„Intelligence, as such, looks at itself; and this seeing itself is immediately united with everything that comes to it[3], and in this immediate union of being and seeing consists the nature of intelligence. What is in it, and what it is in general, it is for itself; and only in so far as it is it for itself, it is it, as intelligence.“ (Lit.: Fichte, p. 435)

Due to the ahrimanic influence, we today very easily fall into thought automatism, in which ready-made thoughts are combined at will without real thinking being actively involved. Here, therefore, special attentiveness is necessary, especially with regard to the verbal expression of our thoughts. We should therefore pay strict attention not to use common phrases thoughtlessly. In other words, we should not follow the urge of memes, which spread very quickly from person to person in our modern information society.

„The best way to protect ourselves is to strive more and more to develop clear and precise thinking, to think as precisely as possible, not to simply rush along thinking about things, as is the current social custom. Not jumping over things, but thinking clearly. We should go even further: We should try to be more and more careful not to use common phrases and words. For the moment one uses passable words, which one has not from thought but from the habit of speech, one becomes thoughtless, if only for a brief moment. And these are particularly dangerous moments, because one does not pay attention to it. One should take care to avoid using such words where one does not think enough.“ (Lit.:GA 254, p. 177)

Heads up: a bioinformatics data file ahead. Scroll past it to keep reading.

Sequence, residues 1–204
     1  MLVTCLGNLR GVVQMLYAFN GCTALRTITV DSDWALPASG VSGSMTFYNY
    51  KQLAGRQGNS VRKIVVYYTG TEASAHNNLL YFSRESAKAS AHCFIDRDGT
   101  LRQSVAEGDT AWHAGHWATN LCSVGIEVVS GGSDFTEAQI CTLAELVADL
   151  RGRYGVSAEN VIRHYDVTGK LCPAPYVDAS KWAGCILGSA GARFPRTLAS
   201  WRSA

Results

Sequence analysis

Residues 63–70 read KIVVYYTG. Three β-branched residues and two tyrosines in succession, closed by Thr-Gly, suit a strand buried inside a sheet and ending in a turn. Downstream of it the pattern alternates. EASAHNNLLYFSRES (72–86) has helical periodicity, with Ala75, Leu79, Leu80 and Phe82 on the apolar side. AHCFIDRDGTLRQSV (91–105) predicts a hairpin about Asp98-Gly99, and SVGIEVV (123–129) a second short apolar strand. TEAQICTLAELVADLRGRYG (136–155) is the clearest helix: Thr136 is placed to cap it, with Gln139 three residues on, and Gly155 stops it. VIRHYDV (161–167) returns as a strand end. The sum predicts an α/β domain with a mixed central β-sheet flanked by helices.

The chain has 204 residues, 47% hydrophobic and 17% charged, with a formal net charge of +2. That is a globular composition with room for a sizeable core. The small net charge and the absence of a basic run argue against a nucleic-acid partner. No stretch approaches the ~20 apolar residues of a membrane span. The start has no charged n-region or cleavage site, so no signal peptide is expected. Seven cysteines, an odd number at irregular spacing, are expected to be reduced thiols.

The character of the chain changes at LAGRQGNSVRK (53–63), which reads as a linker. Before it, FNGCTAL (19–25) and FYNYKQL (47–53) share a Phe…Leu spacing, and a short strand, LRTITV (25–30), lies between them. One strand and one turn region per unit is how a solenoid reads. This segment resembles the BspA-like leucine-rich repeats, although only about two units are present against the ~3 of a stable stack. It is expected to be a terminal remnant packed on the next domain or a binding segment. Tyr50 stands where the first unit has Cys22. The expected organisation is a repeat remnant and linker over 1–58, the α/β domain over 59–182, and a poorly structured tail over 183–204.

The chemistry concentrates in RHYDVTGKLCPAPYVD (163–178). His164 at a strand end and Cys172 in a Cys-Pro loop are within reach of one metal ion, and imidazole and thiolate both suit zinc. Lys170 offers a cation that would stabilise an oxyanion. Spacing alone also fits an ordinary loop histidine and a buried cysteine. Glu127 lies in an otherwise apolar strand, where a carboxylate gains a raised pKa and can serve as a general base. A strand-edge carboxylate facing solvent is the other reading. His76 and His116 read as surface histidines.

Thinking and etheric forces

In thinking, the same etheric forces are at work that shape the physical body, regenerate it and cause it to grow. In contrast to the physical forces, these are potential-free universal cosmic peripheral forces.

„It is of the utmost importance to know that the ordinary thinking forces of man are the refined shaping and growing forces. In the shaping and growth of the human organism a spiritual reveals itself. For this spiritual force then appears in the course of life as the spiritual power of thought.

And this thinking power is only one part of the human formative and growth power weaving in the etheric. The other part remains true to its task in the beginning of human life. Only because the human being, when his formation and growth have advanced, that is to say, have been completed to a certain extent, develops still further, can the etheric-spiritual, which weaves and lives in the organism, appear in further life as a thinking power.

Thus the plastic formative force reveals itself to the imaginative spiritual view as an etheric-spiritual thing from one side, which appears from the other side as the soul-content of thought.“ (Lit.:GA 27, p. 12f)

See also


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References to the work of Rudolf Steiner follow Rudolf Steiner's Collected Works (CW or GA), Rudolf Steiner Verlag, Dornach/Switzerland, unless otherwise stated.